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• kyle Hailey

Tom Kyte, Tim Gorman, Kellyn Pot’Vin, and Ben Prusinski are flying in to the Bay Area to present at NoCOUG Nov 15.

I’ll be presenting as well on how to make dozens of multi-terabyte database copies in seconds using various easily available technologies on the market now.

NoCOUG is offering free admission to the first 25 people who answer the following SQL riddle:

SQL comes in two distinct flavors—“relational calculus” and “relational algebra.” Without sweating the technical details, let’s just say that the relational calculus flavor is characterized by correlated subqueries—subqueries that refer to outside values—while the relational algebra flavor is characterized by set operations such as JOIN, UNION, MINUS, and INTERSECT. And, as you have probably noticed, these flavors are often mixed. The SQL mini-challenge is to use the pure relational algebra flavor of SQL to list all students who have enrolled in all the courses required by their declared major. Here are the table definitions and sample data. Send your entry to sqlchallenge@nocoug.org. The first 25 correct entries will receive a free admission code to the November 15 conference.

CREATE TABLE students ( student_id INTEGER NOT NULL, major_id INTEGER NOT NULL, CONSTRAINT students_pk PRIMARY KEY (student_id) );

INSERT INTO students VALUES (1, 1); INSERT INTO students VALUES (2, 1); INSERT INTO students VALUES (3, 1); INSERT INTO students VALUES (4, 1);

CREATE TABLE requirements ( major_id INTEGER NOT NULL, course_id INTEGER NOT NULL, CONSTRAINT requirements_pk PRIMARY KEY (major_id, course_id) );

INSERT INTO requirements VALUES (1, 1); INSERT INTO requirements VALUES (1, 2);

CREATE TABLE enrollments ( student_id INTEGER NOT NULL, course_id INTEGER NOT NULL, CONSTRAINT enrollments_pk PRIMARY KEY (student_id, course_id), CONSTRAINT enrollments_fk1 FOREIGN KEY (student_id) REFERENCES students );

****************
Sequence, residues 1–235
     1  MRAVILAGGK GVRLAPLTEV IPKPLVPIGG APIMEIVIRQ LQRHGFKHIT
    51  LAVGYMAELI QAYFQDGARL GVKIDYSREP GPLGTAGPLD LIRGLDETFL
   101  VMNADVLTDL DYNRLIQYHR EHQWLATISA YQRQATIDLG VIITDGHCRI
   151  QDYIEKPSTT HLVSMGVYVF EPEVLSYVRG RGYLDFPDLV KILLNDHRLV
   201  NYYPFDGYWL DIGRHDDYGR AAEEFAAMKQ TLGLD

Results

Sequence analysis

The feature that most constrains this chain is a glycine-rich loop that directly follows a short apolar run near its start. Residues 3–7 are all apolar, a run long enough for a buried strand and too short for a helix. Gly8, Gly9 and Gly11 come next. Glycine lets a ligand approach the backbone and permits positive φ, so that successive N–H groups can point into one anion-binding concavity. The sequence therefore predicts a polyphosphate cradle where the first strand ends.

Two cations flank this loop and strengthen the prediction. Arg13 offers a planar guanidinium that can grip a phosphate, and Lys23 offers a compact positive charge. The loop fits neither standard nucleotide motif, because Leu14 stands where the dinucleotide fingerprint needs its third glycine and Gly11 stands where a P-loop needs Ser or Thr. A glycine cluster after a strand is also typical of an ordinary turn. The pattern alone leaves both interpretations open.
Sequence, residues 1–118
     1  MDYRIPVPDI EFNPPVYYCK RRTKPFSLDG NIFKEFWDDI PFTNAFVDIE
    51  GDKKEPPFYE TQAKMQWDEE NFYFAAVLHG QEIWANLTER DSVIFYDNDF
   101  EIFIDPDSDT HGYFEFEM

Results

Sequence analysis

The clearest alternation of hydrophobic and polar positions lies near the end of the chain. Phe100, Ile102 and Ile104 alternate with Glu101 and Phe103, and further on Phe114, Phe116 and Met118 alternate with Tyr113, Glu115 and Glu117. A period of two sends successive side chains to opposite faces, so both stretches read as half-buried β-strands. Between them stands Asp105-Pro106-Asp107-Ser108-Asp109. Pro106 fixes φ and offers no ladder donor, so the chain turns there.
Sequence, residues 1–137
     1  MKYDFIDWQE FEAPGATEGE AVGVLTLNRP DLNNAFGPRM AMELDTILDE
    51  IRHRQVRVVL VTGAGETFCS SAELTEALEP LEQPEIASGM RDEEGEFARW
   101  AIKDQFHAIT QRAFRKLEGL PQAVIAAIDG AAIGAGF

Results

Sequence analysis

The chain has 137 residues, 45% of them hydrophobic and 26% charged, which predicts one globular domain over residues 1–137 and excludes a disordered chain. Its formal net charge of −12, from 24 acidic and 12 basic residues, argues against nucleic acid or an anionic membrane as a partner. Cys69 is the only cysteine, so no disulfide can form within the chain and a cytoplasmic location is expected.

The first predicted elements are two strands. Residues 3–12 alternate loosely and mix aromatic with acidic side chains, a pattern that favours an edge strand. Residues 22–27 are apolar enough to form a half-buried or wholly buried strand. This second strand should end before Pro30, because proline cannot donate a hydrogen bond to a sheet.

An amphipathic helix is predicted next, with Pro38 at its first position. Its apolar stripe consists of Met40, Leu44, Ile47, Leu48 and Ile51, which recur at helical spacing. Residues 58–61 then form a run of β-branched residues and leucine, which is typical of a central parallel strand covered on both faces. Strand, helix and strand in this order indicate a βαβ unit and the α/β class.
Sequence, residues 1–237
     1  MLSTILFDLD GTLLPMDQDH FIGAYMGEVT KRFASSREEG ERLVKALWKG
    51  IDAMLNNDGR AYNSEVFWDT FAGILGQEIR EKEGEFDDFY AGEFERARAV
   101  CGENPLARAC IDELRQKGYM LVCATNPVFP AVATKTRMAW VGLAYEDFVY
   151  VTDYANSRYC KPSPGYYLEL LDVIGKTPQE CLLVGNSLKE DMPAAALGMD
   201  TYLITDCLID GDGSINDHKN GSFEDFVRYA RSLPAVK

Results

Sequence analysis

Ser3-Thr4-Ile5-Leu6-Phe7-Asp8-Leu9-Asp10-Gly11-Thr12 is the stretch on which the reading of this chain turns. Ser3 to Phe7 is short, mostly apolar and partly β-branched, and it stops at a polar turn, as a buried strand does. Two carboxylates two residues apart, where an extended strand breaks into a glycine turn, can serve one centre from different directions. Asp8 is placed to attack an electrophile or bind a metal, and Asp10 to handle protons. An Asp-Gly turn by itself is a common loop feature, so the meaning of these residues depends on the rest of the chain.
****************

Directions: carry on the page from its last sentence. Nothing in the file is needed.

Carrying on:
INSERT INTO enrollments VALUES (1, 1); INSERT INTO enrollments VALUES (1, 2); INSERT INTO enrollments VALUES (2, 1); INSERT INTO enrollments VALUES (3, 3); INSERT INTO enrollments VALUES (4, 1); INSERT INTO enrollments VALUES (4, 3);

Here are three solutions using the relational calculus flavor of SQL.

— Select students for whom the count of enrolled required courses equals the count of required courses

SELECT s.student_id FROM students s WHERE ( SELECT COUNT(*) FROM requirements r, enrollments e WHERE r.major_id = s.major_id AND e.student_id = s.student_id AND e.course_id = r.course_id ) = ( SELECT COUNT(*) FROM requirements r WHERE r.major_id = s.major_id );

— Use double negation — Select students such that there does not exist a required course in which they have not enrolled

SELECT s.student_id FROM students s WHERE NOT EXISTS ( SELECT * FROM requirements r WHERE r.major_id = s.major_id AND NOT EXISTS ( SELECT * FROM enrollments e WHERE e.student_id = s.student_id AND e.course_id = r.course_id ) );

— Use object-relational techniques — Select students for whom the set of required courses is a subset of the set of enrolled courses

CREATE TYPE list_type AS TABLE OF INTEGER; /

SELECT s.student_id FROM students s WHERE

CAST(MULTISET( SELECT r.course_id FROM requirements r WHERE r.major_id = s.major_id ) AS list_type)

SUBMULTISET OF

CAST(MULTISET( SELECT e.course_id FROM enrollments e WHERE e.student_id = s.student_id ) AS list_type);

Here is a solution that uses a mixed flavor of SQL. Notice the use of the MINUS operation.

— Select students for whom the set of required courses is a subset of the set of enrolled courses

SELECT s.student_id FROM students s WHERE NOT EXISTS ( SELECT r.course_id FROM requirements r WHERE r.major_id = s.major_id

MINUS

SELECT e.course_id FROM enrollments e WHERE e.student_id = s.student_id );

Please forward this message to your friends and colleagues. Our conferences are suitable for anybody with an interest in Oracle Database.